(Bloomberg Opinion) -- Hong Kong is missing an opportunity to displace the U.S. as an offshore listing venue for Chinese companies by keeping trading fees too high. Alibaba Group Holding Ltd.’s $11 billion offering in November showed the potential for the city’s stock exchange to attract U.S.-listed mainland enterprises amid an unsettled trade relationship between the two largest economies. Relatively expensive costs threaten to undermine that appeal.Investors get more for their dollar when they trade on the New York Stock Exchange. In Hong Kong, bid-ask spreads are wider and minimum investment requirements are higher. That increases the chance of so-called slippage, when there is a difference between the expected price of a trade and the level at which it is actually executed. With zero stamp duty and lower minimum trade requirements, the NYSE has a more favorable environment for active investors.Alibaba’s Hong Kong trading volume has slumped since the internet giant made its debut on the local exchange. On Nov. 26, shares valued at the equivalent of about $1.79 billion changed hands. Since mid-December, that figure has dropped to a daily average of about $322 million. The Hong Kong listing has made no dent in Alibaba’s stock trading in New York, where volume has averaged $3.2 billion since late November.To be sure, trading costs are by no means the only factor — or even the main one — in deciding where to buy and sell. To begin with, the U.S. is a more deep and liquid market. It has other advantages, including a more active and developed options market that gives traders more ways to hedge or speculate on stocks. That said, Hong Kong could do a better job of rolling out the welcome mat.Since losing out to New York for Alibaba’s record $25 billion initial public offering in 2014, Hong Kong Exchanges & Clearing Ltd. has made a number of rule changes to enhance its viability as a platform for technology startups from China and elsewhere. In April 2018, the exchange amended its provisions to admit companies with dual-class shares. Smartphone maker Xiaomi Corp.  and internet services company Meituan Dianping listed soon after, demonstrating that when HKEX makes smart decisions, the exchange benefits.More U.S.-traded Chinese companies are looking at Hong Kong for potential secondary listings. They include travel services provider Trip.com Group Ltd., formerly known as Ctrip; game and website operator Netease Inc.; web search provider Baidu Inc.; and e-commerce giant JD.com Inc. The way is open for Hong Kong to create a new offshore ecosystem for U.S.-listed Chinese companies seeking better positioning for the mainland while hedging their bets against a renewed deterioration in the U.S.-China relationship after the phase one agreement was signed this month.It makes little sense to squander this opportunity by maintaining trading costs that are a major barrier to entry. The Hong Kong government and the exchange must work together to make dual listing opportunities both beneficial and attractive to companies while encouraging investors to trade here. However, HKEX regulators seem to have their heads in the sand when it comes to reducing fees and the minimum buy-in to entice more companies. That may be a reflection of its monopoly status: Unlike the NYSE, which must compete with Nasdaq, HKEX has no local rival.Reducing fees would lower the barrier to entry for active investors and increase trading volume. As I wrote in September, cutting stamp duty would help improve liquidity and make Hong Kong stocks more attractive to retail and institutional investors. The ripple effect from this would further strengthen Hong Kong’s position as a global financial center. It’s time for the government and exchange to look beyond the immediate impact of reduced revenue and consider the long term.  To contact the author of this story: Ronald W. Chan at chartwellhk@bloomberg.netTo contact the editor responsible for this story: Matthew Brooker at mbrooker1@bloomberg.netThis column does not necessarily reflect the opinion of Bloomberg LP and its owners.Ronald W. Chan is the founder and CIO of Chartwell Capital in Hong Kong. He is the author of “The Value Investors” and “Behind the Berkshire Hathaway Curtain.”For more articles like this, please visit us at bloomberg.com/opinionSubscribe now to stay ahead with the most trusted business news source.©2020 Bloomberg L.P.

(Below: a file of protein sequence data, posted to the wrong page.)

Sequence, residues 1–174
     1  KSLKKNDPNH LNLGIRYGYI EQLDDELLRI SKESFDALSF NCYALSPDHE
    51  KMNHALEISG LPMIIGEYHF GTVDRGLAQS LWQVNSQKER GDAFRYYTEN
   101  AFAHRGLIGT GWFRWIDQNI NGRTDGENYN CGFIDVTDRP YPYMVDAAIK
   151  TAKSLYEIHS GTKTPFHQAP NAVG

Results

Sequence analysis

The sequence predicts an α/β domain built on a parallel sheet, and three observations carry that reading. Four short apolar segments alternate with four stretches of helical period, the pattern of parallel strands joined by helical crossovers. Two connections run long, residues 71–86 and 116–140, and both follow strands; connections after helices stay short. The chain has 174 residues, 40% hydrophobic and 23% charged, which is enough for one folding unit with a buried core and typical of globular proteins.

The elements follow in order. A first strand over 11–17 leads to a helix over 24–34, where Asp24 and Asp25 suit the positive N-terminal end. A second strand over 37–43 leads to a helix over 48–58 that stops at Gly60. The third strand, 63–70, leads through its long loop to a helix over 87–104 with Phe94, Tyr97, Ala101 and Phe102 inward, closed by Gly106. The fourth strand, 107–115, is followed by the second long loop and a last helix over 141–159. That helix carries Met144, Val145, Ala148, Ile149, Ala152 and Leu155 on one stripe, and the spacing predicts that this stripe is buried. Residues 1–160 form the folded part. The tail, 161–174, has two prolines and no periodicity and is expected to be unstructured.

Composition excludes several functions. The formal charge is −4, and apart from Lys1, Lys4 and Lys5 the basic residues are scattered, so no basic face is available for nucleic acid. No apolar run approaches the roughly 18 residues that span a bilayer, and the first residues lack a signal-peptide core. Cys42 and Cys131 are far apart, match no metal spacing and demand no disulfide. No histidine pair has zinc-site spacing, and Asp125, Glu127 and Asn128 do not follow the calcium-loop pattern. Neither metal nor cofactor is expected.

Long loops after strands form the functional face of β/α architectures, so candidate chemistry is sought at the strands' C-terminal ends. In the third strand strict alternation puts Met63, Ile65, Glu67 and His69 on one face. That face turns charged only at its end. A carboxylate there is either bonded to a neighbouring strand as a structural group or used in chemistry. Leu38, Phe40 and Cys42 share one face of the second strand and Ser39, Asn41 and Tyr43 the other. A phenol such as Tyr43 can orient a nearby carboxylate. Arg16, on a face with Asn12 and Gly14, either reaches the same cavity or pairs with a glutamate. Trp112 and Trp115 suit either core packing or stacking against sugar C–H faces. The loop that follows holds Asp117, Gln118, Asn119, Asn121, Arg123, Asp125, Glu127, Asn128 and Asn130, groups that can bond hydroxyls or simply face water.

• Xiaomi spins off POCO as an independent company